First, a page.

When couples separate, invariably some form of property settlement agreement needs to be reached concerning who takes what property. We discuss the different vehicles that can be used to negotiate and finalise a family law property settlement agreement out of court.

Family law property settlement outside of court

There are several options in which you can negotiate a family law property settlement out of court. These options include:

Negotiating your own agreement

This may be a viable option for you if you can tick all the following boxes:

  • both you and your ex-partner can commit to being respectful to each other at all times during the negotiations.
  • the net asset pool is clearly identifiable and both parties agree to obtain valuation evidence wherever necessary (preferably jointly) to ascertain the value of all substantial assets.
  • both parties are willing to be fully transparent and disclose all documents evidencing their various property interests and financial resources.
  • the legal issues at play are not complex or controversial; and
  • both parties are on an even footing from a negotiating perspective.

Before embarking upon informal negotiations with your ex-partner, it is strongly recommended that you obtain: (1) a thorough understanding of what the net asset pool is worth; and (2) independent legal advice so that you can gain a clear understanding of what represents a fair outcome for you in all of the circumstances (see steps 1 to 4 in part 1 of the family law property series).

Attend Property Dispute Resolution (PDR) or a mediation

Many parties are successful in negotiating a fair property settlement through Property Dispute Resolution (PDR) or mediation that is facilitated by an accredited mediator.

PDR or mediation services are offered by a number of community organisations and accredited mediators. At Cargill Family Law, we prefer private mediation services that are facilitated by experienced family law practitioners who are accredited mediators.

Before embarking upon PDR or Private mediation – it is strongly recommended that you obtain: (1) a thorough understanding of what the net asset pool is worth; and (2) independent legal advice so that you can gain a clear understanding of what represents a fair outcome for you in all of the circumstances (see steps 1 to 4 in part 1 of the family law property series).

Retain a family lawyer to negotiate a property settlement outside court

Retaining a family lawyer to advocate on your behalf is a good option if there are some complex issues in your case and/or if you need the counsel and support of an experienced family lawyer to guide you through the process.

The processes that your family lawyer will step you through include:

  • Obtaining and exchanging all necessary documentation from your ex-partner to ascertain the value of all assets and financial resources that they hold an interest in.
  • Obtaining all valuation evidence that is necessary to value the asset pool (such as property and business valuations)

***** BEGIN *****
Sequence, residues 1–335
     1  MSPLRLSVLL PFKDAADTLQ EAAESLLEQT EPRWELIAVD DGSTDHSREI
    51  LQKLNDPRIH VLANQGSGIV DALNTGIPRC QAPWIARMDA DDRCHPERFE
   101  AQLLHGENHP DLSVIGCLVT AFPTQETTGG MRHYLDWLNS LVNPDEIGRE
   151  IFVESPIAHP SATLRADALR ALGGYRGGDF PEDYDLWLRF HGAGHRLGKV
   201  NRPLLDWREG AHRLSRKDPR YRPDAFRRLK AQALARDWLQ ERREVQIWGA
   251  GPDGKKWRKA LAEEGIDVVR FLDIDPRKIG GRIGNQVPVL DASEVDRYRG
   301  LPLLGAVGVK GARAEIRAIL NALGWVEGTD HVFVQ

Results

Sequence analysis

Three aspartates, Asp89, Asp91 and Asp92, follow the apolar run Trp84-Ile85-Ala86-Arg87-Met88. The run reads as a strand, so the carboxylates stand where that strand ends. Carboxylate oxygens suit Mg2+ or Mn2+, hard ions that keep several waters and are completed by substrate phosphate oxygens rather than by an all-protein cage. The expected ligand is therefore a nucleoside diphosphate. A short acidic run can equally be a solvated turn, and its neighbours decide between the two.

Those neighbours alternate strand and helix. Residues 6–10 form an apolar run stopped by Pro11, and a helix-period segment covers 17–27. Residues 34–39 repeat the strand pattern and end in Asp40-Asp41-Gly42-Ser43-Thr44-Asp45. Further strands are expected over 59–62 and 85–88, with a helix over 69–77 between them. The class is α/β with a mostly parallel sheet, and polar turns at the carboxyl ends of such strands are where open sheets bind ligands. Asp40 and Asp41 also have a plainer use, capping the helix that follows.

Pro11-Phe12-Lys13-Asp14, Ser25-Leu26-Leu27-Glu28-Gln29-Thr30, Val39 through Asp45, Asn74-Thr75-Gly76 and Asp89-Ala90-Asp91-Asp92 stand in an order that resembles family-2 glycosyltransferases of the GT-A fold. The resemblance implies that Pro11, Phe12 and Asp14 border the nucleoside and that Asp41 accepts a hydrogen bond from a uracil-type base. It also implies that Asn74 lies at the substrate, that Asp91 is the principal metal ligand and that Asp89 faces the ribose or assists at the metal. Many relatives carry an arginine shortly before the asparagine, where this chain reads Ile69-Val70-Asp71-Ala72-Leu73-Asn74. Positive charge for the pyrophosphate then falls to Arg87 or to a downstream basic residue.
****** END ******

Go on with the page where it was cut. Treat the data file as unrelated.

• Providing you with independent legal advice to include a recommendation as to what would represent a fair outcome for you in all of the circumstances.
  • Negotiate a settlement agreement with your ex-partner (usually through their legal representative)
  • Finalise the agreement reached.

How to finalise your family law property settlement

There are two ways to finalise a family law property settlement agreement:

1. By making an application for final property orders through the Family Court
Applying for final property orders involves filing proposed property orders and a detailed application (where both parties have made full financial disclosure) – to be assessed by a Registrar of the Family Court.

Whilst it is not necessary for either party to be individually represented by a lawyer – it is important to note that the orders will not be made if the Family Court Registrar forms the view that the proposed orders are not just and equitable in all of the circumstances.

2. By entering into a Binding Financial Agreement
This process strictly requires both parties to be individually represented by an Australian Legal Practitioner. A pre-requirement of entering into one of these agreements is that each party must receive independent legal advice as to the effect of the agreement and as to the advantages and disadvantages of entering into the agreement. In the absence of one or both parties not receiving the required legal advice, the agreement may be declared non-binding in the future.

A Binding Financial Agreement may also be set aside by the Court on a variety of grounds to include: failing to disclose all assets or financial resources or where there has been undue pressure or coercion exerted by one party to the agreement on the other. It is for this reason that the financial agreement should be very carefully drafted, and the parties thoroughly advised of their respective legal rights and whether the financial agreement represents a fair outcome for them having regard to the various considerations taken into account under the Family Law Act 1975.

Any questions? Reach out to Rachel today for a complimentary 30-minute chat.